The account of a nearly-forgotten tragedy of American history, Resisting Removal brings to life a story of political intrigue and bitter betrayal in this moving depiction of a people's desperate struggle to adapt to a changing, hostile world. Captivating and engaging for all the right reasons; talented historical storytelling at its finest.
In February 1850, the United States government ordered the removal of all Lake Superior bands of Ojibwe living upon ceded lands in Wisconsin. The La Pointe Ojibwe, led by their chief elder Kechewaishke, objected, citing promises made just eight years earlier that they would not be removed during their lifetimes. But, Minnesota Territorial Governor Alexander Ramsey and Indian Agent John Watrous had a devious plan to force their removal to Sandy Lake, Minnesota. Put into action, the negligence and ill-intents of Ramsey and Watrous resulted in the death of approximately four hundred Ojibwe people in an event that has become known as the Sandy Lake Tragedy.
Despite the tragedy, government officials, aided by the interests of traders and businessmen, continued their efforts to remove the La Pointe Ojibwe from their ancient homeland on Madeline Island. But the Ojibwe resisted removal time and again. Relying on their traditional lifeways and the assistance of missionaries and local residents, the Ojibwe survived numerous hardships throughout the removal efforts. By 1852, without government approval, the La Pointe Ojibwe traveled to Washington, D.C. to finally right the wrongs against them and to protect their homes. Two years later they earned permanent homes near their homelands after signing the 1854 Treaty of La Pointe.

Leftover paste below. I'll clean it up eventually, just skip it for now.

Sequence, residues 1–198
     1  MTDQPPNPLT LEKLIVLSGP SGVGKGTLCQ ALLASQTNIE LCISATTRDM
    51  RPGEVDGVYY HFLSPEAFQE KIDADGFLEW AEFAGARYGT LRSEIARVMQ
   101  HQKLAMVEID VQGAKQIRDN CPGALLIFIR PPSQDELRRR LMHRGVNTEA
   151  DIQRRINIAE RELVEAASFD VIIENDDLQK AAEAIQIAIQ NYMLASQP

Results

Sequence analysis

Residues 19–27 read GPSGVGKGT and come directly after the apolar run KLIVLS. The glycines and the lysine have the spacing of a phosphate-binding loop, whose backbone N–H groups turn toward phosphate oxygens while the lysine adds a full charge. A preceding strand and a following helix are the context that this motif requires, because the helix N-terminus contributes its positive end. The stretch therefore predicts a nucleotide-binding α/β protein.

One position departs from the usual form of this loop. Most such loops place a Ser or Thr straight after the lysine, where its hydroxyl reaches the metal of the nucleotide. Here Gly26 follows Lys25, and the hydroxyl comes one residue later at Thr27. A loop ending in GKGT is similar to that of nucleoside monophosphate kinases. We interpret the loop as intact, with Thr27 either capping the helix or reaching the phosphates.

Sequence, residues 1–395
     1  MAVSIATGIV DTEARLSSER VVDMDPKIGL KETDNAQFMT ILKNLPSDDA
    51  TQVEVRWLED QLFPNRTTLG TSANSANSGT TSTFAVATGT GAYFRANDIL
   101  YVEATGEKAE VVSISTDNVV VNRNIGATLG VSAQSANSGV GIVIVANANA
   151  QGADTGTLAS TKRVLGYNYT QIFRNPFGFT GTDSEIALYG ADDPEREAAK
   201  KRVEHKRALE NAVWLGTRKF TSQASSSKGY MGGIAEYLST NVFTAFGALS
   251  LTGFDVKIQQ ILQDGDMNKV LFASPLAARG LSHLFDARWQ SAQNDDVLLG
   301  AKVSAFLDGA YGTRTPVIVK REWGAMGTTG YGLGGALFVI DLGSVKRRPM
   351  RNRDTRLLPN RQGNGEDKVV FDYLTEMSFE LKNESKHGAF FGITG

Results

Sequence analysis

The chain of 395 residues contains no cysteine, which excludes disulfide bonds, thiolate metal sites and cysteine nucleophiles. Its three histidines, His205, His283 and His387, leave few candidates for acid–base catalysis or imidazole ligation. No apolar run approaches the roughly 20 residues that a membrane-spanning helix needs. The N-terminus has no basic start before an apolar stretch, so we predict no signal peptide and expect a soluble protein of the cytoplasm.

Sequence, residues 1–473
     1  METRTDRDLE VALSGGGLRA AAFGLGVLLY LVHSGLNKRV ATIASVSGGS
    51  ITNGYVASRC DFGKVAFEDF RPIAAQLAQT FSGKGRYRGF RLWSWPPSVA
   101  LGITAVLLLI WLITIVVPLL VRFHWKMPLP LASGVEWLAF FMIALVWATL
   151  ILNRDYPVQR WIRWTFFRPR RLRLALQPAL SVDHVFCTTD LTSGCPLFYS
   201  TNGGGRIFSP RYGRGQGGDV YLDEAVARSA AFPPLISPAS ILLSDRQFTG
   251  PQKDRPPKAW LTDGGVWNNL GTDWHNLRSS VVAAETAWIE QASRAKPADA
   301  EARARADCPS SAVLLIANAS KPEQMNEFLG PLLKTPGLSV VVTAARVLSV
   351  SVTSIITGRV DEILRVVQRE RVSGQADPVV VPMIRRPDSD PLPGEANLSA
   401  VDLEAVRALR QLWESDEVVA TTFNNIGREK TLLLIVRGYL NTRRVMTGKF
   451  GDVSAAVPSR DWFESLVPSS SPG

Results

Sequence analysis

Follow along as trader and interpreter Benjamin Armstrong, a real historical participant, lives through the harrowing and ever-changing times on the Wisconsin and Minnesota frontiers. Discover the truth about this tragic past and the intentional exploitation of the Ojibwe people and culture. But also, come to understand the complexity of history and question whose story is really being told.
About the Author
Colin Mustful is an independent historian, author, and publisher. His work, which includes five historical novels, focuses on the tumultuous and complicated periods of settler-colonialism and Native displacement in American history. He has a Master of Arts degree in history and a Master of Fine Arts degree in creative writing. He is the founder and editor of History Through Fiction, an independent press that publishes compelling historical novels that are based on real events and people. As a traditional publisher, he works with authors who want to share important historical stories with the world. Mustful is an avid runner and soccer player who lives in Minneapolis, Minnesota. He believes that learning history is vital to understanding our world today and finding just, long-lasting solutions for the future.